Stem cell and biotechnological research is a flourishing industry around the globe. The growth of the industry can be attributed to its promise to lead to a cure for numerous human diseases that are currently considered unconquered. Within this industry, the patentability of researched innovations has been a hot topic in the past decade. Through the patenting process, the industry itself can be a source of economic opportunity for countries willing to extend patent protection for the inventions produced by stem cell and biotechnological research. Because it takes significant resources for research to produce a patentable invention, investors desire assurances that their time and money will head a result from which they can benefit, whether that be a financial benefit, a status benefit, or some other benefit. Despite the medical promises of stem cell and biotechnological research, there are concerns in some places around the world such as the European Union about potential policy implications that would stem from patenting innovations in this industry. These concerns are displayed in the two leading sources of law governing stem cell and biotechnological research: the European Union’s Directive 98/44/EC and the European Patent Convention. This Article discusses the patentability of stem cell and biotechnological inventions under both European Union law and the European Patent Convention. The Article continues by discussing several other topics that a practitioner must be familiar with when analyzing a patentability issue. A few of these topics include the morality debate, the promise of stem cell and biotechnological research, taxation of stem cell-related products, access to records, legal notice, research funding, and the free movement of goods. This Article also examines the key case law from both the European Court of Justice as well as the two judicial organs of the European Patent Office, the Board of Appeal and the Enlarged Board of Appeal, that provide insight into this area of law. Additionally, this Article identifies the discrepancies between the law governing stem cell research and biotechnological research within the European continent and provides recommendations for greater harmonization within these two areas of law.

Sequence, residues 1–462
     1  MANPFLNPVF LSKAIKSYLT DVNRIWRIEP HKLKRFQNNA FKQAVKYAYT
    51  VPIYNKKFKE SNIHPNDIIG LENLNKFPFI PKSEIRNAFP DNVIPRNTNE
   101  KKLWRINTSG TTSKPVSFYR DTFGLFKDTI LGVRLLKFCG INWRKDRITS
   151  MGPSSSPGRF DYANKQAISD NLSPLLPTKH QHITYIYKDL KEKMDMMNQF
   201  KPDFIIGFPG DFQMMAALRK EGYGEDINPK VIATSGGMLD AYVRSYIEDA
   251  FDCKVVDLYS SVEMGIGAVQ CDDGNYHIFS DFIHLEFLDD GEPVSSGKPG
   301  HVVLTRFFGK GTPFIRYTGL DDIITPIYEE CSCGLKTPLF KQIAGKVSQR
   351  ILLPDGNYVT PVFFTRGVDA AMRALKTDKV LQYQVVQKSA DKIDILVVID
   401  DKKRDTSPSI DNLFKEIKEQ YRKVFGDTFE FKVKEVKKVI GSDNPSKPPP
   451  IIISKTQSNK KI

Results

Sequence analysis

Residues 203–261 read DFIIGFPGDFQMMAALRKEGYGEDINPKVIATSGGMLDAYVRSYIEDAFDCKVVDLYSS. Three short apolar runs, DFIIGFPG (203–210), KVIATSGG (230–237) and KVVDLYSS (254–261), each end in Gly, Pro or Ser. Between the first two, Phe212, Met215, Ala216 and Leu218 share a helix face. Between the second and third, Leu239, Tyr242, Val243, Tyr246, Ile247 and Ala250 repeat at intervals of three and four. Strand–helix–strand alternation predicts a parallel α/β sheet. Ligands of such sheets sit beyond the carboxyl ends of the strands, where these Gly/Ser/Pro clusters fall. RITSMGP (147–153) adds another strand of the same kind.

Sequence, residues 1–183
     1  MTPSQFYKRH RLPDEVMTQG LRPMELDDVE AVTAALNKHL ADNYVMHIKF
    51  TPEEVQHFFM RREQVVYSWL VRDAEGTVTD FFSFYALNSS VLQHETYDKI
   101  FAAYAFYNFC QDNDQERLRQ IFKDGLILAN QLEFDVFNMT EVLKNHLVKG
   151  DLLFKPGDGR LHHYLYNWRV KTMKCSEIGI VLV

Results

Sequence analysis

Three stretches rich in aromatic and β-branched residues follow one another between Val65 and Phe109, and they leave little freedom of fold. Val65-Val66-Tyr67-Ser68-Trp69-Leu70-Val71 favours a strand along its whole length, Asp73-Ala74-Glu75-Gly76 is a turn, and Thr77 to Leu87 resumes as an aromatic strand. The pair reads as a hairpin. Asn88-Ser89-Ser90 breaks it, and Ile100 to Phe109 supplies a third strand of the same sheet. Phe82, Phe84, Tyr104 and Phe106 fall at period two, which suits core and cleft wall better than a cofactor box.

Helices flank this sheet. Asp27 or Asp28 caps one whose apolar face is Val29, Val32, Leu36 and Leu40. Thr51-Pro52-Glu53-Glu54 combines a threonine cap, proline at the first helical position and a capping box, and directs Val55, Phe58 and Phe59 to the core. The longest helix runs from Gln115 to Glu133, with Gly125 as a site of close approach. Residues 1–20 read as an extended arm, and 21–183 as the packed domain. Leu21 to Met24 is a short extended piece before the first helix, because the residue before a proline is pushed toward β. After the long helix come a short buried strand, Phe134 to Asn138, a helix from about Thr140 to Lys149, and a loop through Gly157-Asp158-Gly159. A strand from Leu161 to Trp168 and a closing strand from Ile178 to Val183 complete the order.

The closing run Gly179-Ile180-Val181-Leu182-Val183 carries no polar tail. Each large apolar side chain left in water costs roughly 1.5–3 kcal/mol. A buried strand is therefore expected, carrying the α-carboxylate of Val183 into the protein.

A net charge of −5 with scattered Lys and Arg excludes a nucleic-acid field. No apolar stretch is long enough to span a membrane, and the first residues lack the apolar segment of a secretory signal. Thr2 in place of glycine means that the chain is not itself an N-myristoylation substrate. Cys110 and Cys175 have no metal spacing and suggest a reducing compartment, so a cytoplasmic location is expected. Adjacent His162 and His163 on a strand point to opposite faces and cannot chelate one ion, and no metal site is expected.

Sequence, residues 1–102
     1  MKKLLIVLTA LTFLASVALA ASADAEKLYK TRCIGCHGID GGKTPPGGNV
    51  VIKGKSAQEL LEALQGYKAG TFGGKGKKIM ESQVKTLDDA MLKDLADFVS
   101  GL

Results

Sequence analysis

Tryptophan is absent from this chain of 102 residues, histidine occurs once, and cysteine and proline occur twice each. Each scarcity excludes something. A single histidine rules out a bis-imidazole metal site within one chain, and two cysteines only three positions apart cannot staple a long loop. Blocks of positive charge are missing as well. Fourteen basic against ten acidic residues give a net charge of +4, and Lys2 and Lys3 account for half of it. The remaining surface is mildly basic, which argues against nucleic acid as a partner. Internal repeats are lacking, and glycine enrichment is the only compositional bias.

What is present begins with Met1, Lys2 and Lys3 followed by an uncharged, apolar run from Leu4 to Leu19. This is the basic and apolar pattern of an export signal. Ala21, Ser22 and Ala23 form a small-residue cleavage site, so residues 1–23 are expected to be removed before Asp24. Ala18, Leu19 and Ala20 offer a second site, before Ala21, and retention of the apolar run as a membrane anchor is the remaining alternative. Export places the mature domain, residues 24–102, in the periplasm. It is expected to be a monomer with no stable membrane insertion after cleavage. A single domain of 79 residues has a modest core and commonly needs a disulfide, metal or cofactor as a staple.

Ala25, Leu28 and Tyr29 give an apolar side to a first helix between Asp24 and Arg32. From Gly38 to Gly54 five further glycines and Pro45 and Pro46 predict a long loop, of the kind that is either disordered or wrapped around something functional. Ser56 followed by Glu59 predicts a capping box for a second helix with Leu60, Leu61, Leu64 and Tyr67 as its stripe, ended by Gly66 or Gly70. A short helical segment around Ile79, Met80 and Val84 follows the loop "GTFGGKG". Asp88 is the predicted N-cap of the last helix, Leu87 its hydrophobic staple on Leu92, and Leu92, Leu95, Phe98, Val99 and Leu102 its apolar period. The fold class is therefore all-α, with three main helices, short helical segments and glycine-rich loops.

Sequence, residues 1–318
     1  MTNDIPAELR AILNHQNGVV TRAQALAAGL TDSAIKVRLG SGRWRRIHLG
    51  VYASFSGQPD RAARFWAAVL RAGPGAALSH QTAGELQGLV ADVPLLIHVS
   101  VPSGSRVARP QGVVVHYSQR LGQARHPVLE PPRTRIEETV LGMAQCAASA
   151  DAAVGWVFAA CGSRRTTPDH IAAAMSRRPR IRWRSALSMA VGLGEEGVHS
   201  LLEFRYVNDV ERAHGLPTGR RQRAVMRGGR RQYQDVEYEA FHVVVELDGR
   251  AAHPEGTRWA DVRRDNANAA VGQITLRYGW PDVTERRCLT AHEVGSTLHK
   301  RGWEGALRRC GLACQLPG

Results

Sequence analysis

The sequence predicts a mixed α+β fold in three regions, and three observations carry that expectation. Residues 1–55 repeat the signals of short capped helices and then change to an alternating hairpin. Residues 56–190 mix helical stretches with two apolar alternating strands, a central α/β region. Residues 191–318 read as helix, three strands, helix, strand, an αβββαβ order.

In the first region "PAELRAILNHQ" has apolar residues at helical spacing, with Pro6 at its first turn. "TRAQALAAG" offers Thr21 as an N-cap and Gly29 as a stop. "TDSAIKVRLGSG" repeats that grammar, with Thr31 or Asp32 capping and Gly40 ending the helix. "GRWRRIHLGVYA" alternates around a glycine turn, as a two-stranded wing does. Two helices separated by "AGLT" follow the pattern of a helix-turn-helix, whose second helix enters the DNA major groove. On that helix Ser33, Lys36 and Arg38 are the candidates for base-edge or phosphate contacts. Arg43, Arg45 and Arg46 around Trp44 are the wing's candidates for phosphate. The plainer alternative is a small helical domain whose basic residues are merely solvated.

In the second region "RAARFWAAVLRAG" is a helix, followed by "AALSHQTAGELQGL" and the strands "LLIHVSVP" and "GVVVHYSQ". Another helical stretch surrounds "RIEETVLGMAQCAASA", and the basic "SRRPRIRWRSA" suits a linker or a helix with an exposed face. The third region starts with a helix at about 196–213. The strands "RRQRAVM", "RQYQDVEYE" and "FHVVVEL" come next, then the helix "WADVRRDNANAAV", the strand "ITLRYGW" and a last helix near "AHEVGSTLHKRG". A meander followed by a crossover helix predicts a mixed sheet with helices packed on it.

Jacqueline Hill Tudor and Jarrod Tudor,
Stem Cell and Biotechnological Patentability and Research in the European Union: An Interdisciplinary Approach,
87 U. Cin. L. Rev.
Available at: https://scholarship.law.uc.edu/uclr/vol87/iss4/3